13 AUG 2005 Report

Event Reports - Men 4x100m Relay Final

France clinch closest relay final

We knew there would be a new champion for the first time since 1997 when the United States crashed out of the semi-finals yesterday. But few would have guessed it would be France.

The French took the gold from Trinidad and Tobago in the closest sprint relay final in World Championships history. The French won in a world leading time, 38.08, while Trinidad set a national record 38.10 for silver leaving the Olympic champions Great Britain trailing in third place in their best time of the year 38.27.

After yesterday’s semi-finals it looked like the race would be between Trinidad and Tobago and the Britain, but it was clearly going to be a close-run thing.

In the event France’s quartet of Ladji Doucouré, Ronald Pognon, Eddy de Lepine and Lueyi Dovy clinched a dramatic victory to match that of their women’s team two years ago and take the gold outside North America for the first time. After United States and Canada, France became only the third nation in World Championships history to win the title.

Britain, led off by Jason Gardner as they were in last year’s Olympic final, had an early lead. Gardener flew round the bend to hand the baton to Marlon Devonish. It was a good change.

But France, through Ronald Pognon were starting to close on the second leg, and Trinidad’s Marc Burns, in lane three, also made up ground.

It all changed around the final bend where Eddy de Lepine ran a fantastic leg for France giving them a metre lead at the final exchange. Trinidad’s Jacey Harper had also run well to hand on to Darrel Brown while Britain slipped back to third.

Britain’s Christian Malcolm – running with cramps – passed on to anchor runner Mark Lewis Francis, but he never looked like making up the ground.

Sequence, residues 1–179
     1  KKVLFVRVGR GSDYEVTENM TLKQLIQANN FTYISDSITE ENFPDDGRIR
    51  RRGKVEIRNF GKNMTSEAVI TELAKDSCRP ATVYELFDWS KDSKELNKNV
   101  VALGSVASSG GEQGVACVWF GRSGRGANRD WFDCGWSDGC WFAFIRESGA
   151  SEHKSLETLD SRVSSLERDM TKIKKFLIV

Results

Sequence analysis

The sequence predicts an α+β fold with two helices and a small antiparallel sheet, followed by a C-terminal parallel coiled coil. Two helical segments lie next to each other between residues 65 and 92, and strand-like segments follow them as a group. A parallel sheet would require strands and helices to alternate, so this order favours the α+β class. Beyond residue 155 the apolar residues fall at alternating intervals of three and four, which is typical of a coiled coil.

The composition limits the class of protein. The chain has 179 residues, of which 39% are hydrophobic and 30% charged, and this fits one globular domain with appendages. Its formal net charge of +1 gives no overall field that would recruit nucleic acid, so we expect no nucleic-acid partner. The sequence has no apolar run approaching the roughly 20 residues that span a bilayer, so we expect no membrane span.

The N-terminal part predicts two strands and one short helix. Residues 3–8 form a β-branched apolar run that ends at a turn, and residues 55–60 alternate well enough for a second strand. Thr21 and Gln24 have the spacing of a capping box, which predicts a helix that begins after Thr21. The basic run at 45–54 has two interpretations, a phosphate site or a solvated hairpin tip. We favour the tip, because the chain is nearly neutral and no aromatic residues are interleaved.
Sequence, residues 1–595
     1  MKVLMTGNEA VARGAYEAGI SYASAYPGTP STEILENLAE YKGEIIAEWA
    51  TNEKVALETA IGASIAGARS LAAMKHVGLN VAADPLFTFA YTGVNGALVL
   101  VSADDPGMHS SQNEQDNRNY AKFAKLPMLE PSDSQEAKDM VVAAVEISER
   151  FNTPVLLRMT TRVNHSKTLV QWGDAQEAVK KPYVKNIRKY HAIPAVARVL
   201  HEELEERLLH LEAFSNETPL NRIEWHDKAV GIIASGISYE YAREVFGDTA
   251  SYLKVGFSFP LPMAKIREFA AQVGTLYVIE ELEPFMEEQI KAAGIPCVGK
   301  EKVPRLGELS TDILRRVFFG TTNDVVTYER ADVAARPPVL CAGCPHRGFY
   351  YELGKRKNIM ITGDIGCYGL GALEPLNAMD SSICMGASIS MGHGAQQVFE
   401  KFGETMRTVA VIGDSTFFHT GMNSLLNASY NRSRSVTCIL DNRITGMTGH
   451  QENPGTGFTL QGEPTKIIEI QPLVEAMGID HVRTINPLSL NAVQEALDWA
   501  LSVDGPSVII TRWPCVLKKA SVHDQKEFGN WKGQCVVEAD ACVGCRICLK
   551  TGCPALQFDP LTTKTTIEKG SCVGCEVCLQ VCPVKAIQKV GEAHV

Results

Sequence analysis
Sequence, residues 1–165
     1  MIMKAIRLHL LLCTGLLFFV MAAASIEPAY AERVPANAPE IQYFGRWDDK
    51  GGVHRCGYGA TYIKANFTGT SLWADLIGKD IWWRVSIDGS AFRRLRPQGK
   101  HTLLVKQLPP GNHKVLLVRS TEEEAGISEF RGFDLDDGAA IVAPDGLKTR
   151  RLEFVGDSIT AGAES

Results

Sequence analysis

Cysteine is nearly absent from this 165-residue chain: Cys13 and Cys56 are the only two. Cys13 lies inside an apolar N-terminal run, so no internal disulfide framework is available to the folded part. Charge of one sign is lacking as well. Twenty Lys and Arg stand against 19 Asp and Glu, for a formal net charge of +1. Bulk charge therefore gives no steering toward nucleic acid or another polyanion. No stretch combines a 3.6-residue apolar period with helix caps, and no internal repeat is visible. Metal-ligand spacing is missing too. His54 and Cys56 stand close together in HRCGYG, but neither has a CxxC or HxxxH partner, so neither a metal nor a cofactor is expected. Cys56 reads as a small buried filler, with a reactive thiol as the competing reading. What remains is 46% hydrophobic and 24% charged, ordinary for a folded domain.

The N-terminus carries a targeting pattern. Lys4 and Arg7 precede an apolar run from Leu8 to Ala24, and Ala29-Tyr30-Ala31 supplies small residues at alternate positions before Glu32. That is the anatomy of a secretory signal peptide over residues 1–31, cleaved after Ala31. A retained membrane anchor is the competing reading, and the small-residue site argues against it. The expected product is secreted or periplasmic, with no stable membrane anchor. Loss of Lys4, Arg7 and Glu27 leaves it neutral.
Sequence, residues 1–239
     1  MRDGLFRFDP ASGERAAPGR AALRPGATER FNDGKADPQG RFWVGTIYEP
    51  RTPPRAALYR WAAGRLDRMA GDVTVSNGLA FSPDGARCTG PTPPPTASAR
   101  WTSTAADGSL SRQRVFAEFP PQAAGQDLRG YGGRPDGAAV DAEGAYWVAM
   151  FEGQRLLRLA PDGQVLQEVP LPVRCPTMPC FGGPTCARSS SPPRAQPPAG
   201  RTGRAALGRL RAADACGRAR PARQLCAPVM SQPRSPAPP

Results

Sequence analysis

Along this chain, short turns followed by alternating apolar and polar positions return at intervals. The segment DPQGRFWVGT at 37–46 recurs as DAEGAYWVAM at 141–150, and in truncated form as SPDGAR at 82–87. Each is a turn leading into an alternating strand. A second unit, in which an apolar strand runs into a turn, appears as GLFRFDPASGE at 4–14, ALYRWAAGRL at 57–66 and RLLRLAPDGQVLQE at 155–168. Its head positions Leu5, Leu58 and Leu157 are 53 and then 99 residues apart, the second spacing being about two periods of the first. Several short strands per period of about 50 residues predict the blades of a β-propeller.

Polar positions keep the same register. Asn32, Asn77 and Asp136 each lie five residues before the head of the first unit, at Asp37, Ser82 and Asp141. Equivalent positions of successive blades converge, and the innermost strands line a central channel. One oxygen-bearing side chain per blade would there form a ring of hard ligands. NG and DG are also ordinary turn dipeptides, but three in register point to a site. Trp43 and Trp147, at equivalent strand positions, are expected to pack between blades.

If anything Brown and France’s last leg runner Dovy pulled away. Brown closed on Dovy in the final few strides and as they dipped for the line it looked like he might have stolen the victory.

But the result was on the scoreboard within moments. He had missed the gold by two hundredths of a second. France had it.

“We have to be content with a silver medal,” said Trinidad’s lead off runner Pierre Kevon. “But seeing that it was so close I cannot help thinking that the exchanging could have been a little more fluent. But I will take silver for now.”

Lewis Francis held off the fast closing Jamaican Michael Frater for the bronze. On the penultimate day, this was Britain’s first medal of the championships.

“An injury robbed the team as Christian Malcolm had cramps in the final,” said Britain’s Gardener.

“A medal and the season’s best is an achievement in a championships final,” said Lewis Francis.

But the real achievement belonged to France.

Dovy, in disbelief, ran to find his team-mates. The four Frenchmen re-united on the home straight, hugging with joy. Doucouré had won his second gold in two days.

“I mean, we just really, really wanted it, that is why it was possible,” he said. “Before coming to Helsinki I imagined winning two medals, maybe two bronzes, but this really is a dream because I know I have two gold medals.”